Friday, June 06, 2008

Ottawa condominium prices jumped

The price of Ottawa condominium housing has jumped in the last decade.

Demand for condos in the urban core will continue to grow as a result of rising gas prices and the appeal of downtown living.

However, people who are wary about the future of the Ottawa housing market can find some other attractive options in the report. The humble bungalow and traditional two-storey house could prove to be hedges against an unpredictable future.

The price of an urban condominium has jumped 152.8% over the last decade to an average of $209,500 in the first quarter of this year compared to 1998. Nationwide, the average urban condominium price rose 131.5% to $284,312.

In Kanata and Orleans, the average price of condos has risen 126.1% to $175,250 in the first quarter of this year compared to a decade earlier. Across Canada, suburban condominium prices rose 103.7% to $212,323.

The condominium is the only class of housing in both urban and suburban settings where Ottawa prices have outpaced the national average. In most other groups, Ottawa trails by about 20%.

We predicts appeal of the central neighborhoods will continue to grow for first-time buyers and baby boomer's selling suburban empty-nests.

It defines the suburban market as Orleans and Kanata. The urban market includes the older city of Ottawa plus newer eastern, western and southern communities.

If you want to live inside the Greenbelt, take a look at urban bungalows. They don't have the appeal of condos for empty-nesters and first-time homebuyers, but the price increase has been much more modest compared to the national average and could prove to be more attractive long-term investments.

Urban bungalows have risen a relatively modest 100% to $273,500 over the decade. But tread carefully with suburban bungalows. Suburban bungalows have risen 106 per cent to $283,500.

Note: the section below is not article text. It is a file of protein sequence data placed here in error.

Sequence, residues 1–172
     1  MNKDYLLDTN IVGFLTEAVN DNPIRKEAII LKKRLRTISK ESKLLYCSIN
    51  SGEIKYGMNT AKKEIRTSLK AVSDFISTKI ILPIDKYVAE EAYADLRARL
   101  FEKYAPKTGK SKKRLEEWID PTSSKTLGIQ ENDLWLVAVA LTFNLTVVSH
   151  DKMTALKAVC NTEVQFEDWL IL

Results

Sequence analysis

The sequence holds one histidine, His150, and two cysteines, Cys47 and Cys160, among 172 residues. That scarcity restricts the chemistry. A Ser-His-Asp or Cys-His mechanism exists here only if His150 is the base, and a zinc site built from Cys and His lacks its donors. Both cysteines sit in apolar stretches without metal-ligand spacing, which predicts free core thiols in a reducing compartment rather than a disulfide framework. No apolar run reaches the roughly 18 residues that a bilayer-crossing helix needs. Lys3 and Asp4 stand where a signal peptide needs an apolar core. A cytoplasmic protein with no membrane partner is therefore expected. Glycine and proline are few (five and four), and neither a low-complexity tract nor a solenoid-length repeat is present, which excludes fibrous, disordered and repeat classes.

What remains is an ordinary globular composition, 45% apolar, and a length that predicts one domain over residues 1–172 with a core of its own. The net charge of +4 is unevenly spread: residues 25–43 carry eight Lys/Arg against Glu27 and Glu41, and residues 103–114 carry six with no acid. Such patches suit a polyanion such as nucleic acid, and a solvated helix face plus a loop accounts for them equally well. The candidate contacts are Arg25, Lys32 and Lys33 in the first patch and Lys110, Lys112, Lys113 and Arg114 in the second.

Even more attractive is the two-storey house. It may have been the house of choice of the 80s, but the price increase has been modest both in suburban and urban Ottawa.

Two-storey urban houses have risen just 88% to $278,750 while two-storey suburban house prices have risen 110.8% to $325,375.

The study shows that urban housing prices have risen faster than suburban housing over the last decade in Ottawa and across Canada.

Ottawa has been a relatively stable housing market over the decade compared to the explosive price growth in Toronto and Vancouver, the big jumps in Alberta and the current catch-up price movements in Prairie and Maritime cities.

Wwith a high proportion of Ottawa's workforce employed by the government, with offices in the downtown core, it's not surprising that house prices in city's urban neighbourhoods have appreciated as much as they have.

Minimizing travel to work increases family time and lowers gas costs, making the urban choice attractive.

Many people view the higher cost of living in urban areas simply as the price tag for increased personal time.


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